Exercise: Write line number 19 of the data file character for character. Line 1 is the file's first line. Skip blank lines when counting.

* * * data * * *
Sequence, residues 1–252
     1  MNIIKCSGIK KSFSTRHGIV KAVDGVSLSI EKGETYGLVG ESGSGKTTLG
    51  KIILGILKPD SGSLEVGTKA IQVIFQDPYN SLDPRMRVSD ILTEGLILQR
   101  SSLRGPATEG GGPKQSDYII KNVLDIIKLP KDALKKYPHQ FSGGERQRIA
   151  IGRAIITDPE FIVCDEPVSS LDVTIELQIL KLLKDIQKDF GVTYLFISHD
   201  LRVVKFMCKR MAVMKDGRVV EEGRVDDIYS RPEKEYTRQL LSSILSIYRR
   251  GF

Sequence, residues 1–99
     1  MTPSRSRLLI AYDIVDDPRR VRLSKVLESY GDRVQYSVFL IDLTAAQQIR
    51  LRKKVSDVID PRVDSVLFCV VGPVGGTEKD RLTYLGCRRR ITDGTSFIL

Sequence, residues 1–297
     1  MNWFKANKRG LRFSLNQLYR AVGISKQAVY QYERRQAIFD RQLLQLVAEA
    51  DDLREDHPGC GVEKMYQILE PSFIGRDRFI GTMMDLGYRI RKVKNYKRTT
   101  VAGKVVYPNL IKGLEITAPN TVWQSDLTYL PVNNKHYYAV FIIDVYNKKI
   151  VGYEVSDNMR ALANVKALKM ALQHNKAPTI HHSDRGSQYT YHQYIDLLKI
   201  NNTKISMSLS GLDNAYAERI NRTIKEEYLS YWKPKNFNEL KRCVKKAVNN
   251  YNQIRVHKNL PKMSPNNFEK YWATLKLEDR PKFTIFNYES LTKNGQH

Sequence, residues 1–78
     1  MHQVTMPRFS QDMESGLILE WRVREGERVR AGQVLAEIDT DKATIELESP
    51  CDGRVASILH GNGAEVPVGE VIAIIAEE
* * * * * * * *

     1  MHQVTMPRFS QDMESGLILE WRVREGERVR AGQVLAEIDT DKATIELESP